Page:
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Wednesday, 10 April 2013

Seder Meal, 2013

I am the one in the blue sweater lighting the candles. A woman helps with the hand washing three times, which we cut down to one for time. It lasted three hours. The grapes are extras and symbolic of Christ and the Eucharist, as we are all Christians. Seminarians learn about the Holy Mass by such a dinner. Some of the prayers are used in the Mass.



The plate with the "stuff" on it is the main Seder Plate. Each item is symbolic.



The lamb shank (zeroah) is on a separate plate for space. The matzoes are the unleavened bread. The symbolic food also includes the bitter herbs (maror); the mortar for the bricks to build the pyramids of slavery (charoset); the vegie (karpas) to dip in the salt water, the bitter waters of slavery; the boiled egg, both a symbol of mourning for the Jews, and new life for the Christians (beitzah). The white splodge on the plate is horseradish, another variation of the bitterness of the slavery in Egypt, and it goes nicely with the roasted lamb.

We had it earlier this last month before Easter. It was attended by two seminarians, a married couple and baby and a single gentleman, plus a priest.


I have done so many of these I have lost count, maybe 27. This haggadah includes praising Christ the Messiah and Saviour at the end. We also sang many songs together.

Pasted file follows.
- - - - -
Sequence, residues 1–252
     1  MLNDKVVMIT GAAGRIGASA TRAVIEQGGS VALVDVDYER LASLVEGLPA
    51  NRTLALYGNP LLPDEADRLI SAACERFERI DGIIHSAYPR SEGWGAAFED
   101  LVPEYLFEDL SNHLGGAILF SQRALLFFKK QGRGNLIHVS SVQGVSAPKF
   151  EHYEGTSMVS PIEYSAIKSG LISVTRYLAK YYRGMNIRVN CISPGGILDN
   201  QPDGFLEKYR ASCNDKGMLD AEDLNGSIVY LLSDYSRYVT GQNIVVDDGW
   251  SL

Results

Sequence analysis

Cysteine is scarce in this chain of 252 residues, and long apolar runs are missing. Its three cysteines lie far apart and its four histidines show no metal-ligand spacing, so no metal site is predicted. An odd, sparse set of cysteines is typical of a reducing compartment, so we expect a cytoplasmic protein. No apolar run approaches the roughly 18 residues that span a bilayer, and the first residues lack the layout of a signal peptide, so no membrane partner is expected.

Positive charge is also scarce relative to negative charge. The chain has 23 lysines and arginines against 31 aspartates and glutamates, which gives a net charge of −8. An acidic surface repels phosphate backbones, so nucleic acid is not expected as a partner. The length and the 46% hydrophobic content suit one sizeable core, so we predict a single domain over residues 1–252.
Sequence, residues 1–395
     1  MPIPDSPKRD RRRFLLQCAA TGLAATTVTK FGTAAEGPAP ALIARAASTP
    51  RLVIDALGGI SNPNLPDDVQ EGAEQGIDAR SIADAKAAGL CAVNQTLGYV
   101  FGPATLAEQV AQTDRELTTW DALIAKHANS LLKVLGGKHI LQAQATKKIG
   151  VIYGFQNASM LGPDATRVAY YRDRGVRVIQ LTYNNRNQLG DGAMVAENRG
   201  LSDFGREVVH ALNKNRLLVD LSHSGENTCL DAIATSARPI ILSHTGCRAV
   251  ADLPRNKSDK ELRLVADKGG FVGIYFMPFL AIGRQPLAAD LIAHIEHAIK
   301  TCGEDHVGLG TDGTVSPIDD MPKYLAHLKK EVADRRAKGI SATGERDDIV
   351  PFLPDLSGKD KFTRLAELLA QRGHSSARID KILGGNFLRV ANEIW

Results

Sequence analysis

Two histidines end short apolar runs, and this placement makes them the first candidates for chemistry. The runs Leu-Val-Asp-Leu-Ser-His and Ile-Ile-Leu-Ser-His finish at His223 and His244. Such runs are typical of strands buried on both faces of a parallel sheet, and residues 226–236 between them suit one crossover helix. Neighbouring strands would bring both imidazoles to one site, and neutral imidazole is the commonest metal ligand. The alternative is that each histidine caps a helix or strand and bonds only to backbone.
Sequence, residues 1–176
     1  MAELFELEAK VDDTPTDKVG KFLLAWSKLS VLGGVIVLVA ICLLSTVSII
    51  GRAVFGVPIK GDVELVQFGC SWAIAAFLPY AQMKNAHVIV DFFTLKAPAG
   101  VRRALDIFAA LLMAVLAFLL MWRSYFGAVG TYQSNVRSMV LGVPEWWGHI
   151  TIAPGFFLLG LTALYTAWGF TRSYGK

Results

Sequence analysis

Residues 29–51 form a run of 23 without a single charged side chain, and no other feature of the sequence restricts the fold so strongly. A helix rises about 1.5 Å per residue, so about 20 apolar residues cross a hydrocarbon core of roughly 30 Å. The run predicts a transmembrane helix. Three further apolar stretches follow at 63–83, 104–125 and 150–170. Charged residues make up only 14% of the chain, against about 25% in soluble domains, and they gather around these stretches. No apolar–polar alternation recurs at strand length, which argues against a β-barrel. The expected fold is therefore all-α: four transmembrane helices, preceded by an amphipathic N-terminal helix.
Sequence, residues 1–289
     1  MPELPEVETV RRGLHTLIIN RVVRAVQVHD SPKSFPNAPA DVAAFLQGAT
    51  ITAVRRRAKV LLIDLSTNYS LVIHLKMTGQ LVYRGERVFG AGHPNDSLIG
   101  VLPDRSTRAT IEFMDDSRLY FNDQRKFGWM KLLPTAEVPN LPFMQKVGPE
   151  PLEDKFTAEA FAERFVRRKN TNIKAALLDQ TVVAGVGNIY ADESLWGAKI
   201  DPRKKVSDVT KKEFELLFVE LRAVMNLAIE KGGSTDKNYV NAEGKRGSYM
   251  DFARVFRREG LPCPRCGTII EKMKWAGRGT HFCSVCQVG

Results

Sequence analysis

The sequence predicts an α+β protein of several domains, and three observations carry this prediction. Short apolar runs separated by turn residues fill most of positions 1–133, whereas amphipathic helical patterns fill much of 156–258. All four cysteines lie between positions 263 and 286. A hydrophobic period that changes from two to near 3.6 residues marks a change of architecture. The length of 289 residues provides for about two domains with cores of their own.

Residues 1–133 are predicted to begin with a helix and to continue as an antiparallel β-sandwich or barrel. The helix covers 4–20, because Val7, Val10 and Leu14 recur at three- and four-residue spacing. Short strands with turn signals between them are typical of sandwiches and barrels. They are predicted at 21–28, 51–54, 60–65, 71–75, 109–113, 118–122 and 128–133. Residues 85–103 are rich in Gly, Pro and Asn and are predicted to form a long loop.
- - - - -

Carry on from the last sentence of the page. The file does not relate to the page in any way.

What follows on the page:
3 comments:

Anonymous said...

I am confused when one would do such a thing when a Seder meal is quite clearly a violation against the first commandment? A Catholic attending a seder mean, which is a ritual of the old rite that was abrogated when Christ became Incarnate, is baffling to me. It is akin to still making sacrifices in the Temple, or in our case, a Basilica.

Supertradmum said...

Please use a name. I do not like answering to Anons. However, you have missed out on discussions on this. The Church has never listed this as a sin, and only Aquinas, when discussing going to a Jewish seder state it is.

As a historical re-enactment or a teaching method, I see no problem. There was an anonymous and therefore spurious talk on line years ago (2010) which did not hold up to Church teaching on this. If you are Jewish and are offended, I apologize. It is not a liturgy at all for us.

Supertradmum said...

Anon, by the way, if you follow Fr. Z., you can go back to the discussions on this in his archives.